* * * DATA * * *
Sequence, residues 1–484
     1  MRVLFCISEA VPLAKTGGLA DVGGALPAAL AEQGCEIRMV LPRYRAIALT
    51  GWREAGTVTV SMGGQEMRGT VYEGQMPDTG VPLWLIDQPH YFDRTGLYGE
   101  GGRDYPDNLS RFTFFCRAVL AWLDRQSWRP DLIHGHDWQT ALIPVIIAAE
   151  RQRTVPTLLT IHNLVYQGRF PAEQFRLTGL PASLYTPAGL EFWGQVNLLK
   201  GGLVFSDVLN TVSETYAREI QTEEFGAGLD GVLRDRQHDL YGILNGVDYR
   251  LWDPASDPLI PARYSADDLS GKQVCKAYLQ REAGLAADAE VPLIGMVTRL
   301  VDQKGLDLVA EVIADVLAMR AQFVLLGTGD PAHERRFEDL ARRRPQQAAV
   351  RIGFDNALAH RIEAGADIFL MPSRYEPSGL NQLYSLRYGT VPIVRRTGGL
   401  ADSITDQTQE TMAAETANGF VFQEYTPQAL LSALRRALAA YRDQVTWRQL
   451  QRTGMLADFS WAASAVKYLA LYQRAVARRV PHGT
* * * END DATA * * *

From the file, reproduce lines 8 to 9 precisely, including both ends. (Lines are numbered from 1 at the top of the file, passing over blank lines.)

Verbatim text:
   301  VDQKGLDLVA EVIADVLAMR AQFVLLGTGD PAHERRFEDL ARRRPQQAAV
   351  RIGFDNALAH RIEAGADIFL MPSRYEPSGL NQLYSLRYGT VPIVRRTGGL